Jamie Lee Curtis Opens Up About Her Struggle with Addiction

Jamie Lee Curtis is on top of the world right now. Her new sequel to Halloween has made all the money in the world—and it’s getting good reviews, too.

But she revealed that her single biggest accomplishment has nothing to do with acting. Instead, she’s proudest of getting sober after 10 years of addiction to opiods.

jamie lee curtis

Prescription Painkillers

In 1989, Jamie Lee was prescribed painkillers after a routine plastic surgery operation to reduce puffiness around her eyes. She was 31 years old at the time and had recently starred in the cult classic comedy A Fish Called Wanda. Little did she know that it was the first step on a downward spiral.

“I had a 10-year run, stealing, conniving. No one knew. No one,” she confessed to People.

Runs in the Family

Her family is no stranger to addiction and heartbreak. Her father—legendary actor Tony Curtis—struggled with addition to alcohol, cocaine, and heroin. Her half-brother, Nicholas Curtis, passed away of a heroin overdose in 1994.

“I’m breaking the cycle that has basically destroyed the lives of generations in my family,” Jamie Lee said in her magazine interview. “Getting sober remains my single greatest accomplishment… bigger than my husband, bigger than both of my children and bigger than any work, success, failure. Anything.”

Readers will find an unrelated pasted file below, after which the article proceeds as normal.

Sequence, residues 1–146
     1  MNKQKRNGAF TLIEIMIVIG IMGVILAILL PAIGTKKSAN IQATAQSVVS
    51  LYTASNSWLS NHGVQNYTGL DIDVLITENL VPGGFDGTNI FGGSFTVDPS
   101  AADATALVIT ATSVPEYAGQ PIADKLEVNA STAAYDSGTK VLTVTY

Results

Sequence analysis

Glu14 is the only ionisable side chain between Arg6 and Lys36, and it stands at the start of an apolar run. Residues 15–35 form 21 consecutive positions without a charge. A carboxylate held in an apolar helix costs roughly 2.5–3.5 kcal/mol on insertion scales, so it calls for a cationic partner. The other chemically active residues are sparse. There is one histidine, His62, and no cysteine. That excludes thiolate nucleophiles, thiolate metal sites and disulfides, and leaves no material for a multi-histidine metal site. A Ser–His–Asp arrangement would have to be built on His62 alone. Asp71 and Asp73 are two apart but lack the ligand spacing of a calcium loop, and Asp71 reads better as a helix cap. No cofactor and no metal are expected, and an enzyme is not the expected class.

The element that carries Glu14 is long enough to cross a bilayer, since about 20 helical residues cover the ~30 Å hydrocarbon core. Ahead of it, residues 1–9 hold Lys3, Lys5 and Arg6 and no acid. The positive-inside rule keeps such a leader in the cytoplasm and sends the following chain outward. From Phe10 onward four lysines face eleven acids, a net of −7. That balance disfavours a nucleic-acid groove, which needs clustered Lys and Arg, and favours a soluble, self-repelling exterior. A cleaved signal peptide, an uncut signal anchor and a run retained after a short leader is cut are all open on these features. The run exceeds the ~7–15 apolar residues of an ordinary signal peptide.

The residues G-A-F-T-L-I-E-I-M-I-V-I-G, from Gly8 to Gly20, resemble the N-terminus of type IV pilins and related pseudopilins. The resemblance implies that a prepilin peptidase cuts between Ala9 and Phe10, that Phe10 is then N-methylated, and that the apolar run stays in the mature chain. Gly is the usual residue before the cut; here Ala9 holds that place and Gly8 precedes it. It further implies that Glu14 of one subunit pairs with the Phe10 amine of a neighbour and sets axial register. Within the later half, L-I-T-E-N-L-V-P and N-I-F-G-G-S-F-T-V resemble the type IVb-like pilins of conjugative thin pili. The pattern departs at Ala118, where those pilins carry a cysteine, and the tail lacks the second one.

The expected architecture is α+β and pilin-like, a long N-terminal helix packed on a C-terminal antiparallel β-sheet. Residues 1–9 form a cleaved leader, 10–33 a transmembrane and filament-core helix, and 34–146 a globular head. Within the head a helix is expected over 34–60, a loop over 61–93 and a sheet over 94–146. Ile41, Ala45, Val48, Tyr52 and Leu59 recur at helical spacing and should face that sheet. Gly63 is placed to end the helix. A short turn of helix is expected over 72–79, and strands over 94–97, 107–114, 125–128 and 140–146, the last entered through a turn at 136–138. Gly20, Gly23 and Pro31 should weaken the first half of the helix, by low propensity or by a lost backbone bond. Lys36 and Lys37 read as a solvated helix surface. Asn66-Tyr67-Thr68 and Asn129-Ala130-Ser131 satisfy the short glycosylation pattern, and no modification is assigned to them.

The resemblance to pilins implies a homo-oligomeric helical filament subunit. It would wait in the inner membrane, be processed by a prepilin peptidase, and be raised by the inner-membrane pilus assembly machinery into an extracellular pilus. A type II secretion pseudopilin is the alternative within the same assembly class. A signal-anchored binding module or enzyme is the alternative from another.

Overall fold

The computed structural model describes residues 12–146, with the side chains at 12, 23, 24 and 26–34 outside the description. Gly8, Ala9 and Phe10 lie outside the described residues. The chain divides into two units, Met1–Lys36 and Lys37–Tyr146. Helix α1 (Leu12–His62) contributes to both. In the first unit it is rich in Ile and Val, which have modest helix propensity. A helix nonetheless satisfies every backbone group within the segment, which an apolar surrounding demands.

The Turning Point

In 1999, Jamie Lee finally confessed her secret shame. She had stolen pills from her sister, Kelly, and knew that she’d be caught. Kelly was supportive—but “she was unwilling to watch me kill myself,” Jamie Lee said.

She started attending recovery meetings, and she hasn’t stopped since. Jamie Lee joked that when someone brings up painkiller addiction in a meeting, everyone turns to her because she’s the “opiate girl.”

Removing the Stigma

The actress believes that shame is one of the biggest roadblocks on the way to recovery. “The shame involved with it is tremendous. I have worked very hard to remove the shame of it and just acknowledge I’m human,” she said. “What makes recovery so special is that it’s one addict or alcoholic talking to another. It’s really about letting go of the secret in a safe way and then finding treatment programs that work for you.”